Rules force banks to innovate for survival

Bankers complain that the government’s overhaul of the banking system has saddled the industry with a heap of new rules, stricter regulators and higher costs of doing business.


But there is something they might not be so quick to mention in their complaints: The overhaul may also be pushing banks to innovate in important ways.

The overhaul is reducing government subsidies for banks. The banks have for decades raised returns for shareholders with high levels of borrowing. The overhaul restricts that borrowing, so banks will now have to work much harder to post the sort of returns their shareholders expect.

Banks may decide to toss out old practices and adopt new ways of serving clients. Wall Street firms are devising new ways of making securities available to customers. Retail bank executives are rethinking how they can reduce branches while still serving customers. They also cannot ignore the start-up firms that are using technology to make loans far more quickly than banks do.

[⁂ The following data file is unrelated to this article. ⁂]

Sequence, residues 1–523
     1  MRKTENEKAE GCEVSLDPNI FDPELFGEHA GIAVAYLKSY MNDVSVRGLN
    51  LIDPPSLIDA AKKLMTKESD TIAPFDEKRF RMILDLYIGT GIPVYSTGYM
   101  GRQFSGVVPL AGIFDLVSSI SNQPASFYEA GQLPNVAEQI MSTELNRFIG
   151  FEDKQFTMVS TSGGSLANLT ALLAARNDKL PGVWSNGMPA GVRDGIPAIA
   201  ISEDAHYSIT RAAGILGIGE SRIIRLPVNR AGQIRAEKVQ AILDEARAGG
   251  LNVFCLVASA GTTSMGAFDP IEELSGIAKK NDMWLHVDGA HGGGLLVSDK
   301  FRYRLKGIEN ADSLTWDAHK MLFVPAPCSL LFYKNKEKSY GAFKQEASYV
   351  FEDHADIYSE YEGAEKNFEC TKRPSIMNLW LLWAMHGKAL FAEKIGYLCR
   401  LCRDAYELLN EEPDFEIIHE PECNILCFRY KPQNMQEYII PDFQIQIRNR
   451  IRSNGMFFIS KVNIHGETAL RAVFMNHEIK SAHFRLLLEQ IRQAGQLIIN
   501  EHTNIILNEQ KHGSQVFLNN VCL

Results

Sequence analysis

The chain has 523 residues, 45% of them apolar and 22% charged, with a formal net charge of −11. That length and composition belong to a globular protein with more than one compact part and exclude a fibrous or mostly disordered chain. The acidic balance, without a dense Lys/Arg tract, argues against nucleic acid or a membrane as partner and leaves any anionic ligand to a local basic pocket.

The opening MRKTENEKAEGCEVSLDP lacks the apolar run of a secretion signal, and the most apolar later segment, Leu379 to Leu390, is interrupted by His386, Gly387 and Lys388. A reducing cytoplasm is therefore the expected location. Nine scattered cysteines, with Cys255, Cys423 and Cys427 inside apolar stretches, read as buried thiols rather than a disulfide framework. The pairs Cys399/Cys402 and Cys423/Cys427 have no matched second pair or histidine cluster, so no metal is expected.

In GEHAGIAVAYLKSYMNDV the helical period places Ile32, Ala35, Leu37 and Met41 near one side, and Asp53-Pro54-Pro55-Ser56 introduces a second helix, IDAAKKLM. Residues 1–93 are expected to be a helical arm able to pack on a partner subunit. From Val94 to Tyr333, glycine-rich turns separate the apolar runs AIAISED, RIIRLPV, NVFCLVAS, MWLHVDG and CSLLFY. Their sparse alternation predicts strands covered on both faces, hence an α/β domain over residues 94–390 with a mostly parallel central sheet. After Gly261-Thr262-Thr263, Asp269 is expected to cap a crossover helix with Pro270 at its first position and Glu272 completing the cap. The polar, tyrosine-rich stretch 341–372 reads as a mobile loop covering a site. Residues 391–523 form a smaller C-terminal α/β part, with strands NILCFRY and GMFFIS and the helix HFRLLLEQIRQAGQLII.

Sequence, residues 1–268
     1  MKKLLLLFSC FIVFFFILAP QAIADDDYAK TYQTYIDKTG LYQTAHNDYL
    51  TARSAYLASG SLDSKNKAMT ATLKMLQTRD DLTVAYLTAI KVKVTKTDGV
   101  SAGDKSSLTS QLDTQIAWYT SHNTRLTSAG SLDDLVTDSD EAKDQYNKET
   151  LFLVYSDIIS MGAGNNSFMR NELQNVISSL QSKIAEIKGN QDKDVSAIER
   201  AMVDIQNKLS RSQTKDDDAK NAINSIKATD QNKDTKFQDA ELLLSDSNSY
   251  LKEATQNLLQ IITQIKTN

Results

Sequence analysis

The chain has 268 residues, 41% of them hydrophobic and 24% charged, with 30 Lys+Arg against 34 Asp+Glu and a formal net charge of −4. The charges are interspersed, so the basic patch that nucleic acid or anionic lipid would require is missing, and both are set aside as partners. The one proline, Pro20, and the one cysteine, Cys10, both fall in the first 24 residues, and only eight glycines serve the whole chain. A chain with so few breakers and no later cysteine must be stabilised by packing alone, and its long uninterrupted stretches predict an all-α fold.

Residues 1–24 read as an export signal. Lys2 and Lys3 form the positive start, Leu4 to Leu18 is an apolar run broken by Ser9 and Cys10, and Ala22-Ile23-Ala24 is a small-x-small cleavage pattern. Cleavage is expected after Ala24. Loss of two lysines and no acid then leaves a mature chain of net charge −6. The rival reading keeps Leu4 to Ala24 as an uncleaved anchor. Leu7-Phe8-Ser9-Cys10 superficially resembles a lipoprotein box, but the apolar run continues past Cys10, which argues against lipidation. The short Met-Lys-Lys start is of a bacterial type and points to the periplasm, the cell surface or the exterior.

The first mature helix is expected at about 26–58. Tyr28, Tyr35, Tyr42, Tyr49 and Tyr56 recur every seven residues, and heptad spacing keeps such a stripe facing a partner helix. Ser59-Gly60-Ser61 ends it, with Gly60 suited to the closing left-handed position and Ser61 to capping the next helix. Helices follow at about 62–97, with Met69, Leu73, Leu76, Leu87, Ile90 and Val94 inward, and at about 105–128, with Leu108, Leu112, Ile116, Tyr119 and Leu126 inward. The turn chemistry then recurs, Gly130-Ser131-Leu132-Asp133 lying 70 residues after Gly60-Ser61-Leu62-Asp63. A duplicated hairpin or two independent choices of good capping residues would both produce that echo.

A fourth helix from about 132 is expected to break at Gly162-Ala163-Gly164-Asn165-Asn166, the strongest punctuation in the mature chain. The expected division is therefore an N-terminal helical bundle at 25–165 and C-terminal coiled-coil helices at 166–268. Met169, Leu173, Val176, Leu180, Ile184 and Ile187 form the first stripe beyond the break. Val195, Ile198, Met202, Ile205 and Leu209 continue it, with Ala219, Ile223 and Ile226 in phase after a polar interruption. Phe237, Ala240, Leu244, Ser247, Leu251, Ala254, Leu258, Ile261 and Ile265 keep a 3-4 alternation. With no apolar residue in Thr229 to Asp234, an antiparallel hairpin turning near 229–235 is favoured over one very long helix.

“Banks have a huge cost infrastructure,” said Samir Desai, the chief executive and a co-founder of Funding Circle, a British company that uses technology to connect small businesses that want to borrow with investors who may want to lend to them. “Banks are not based around getting businesses funding as quickly as possible.”

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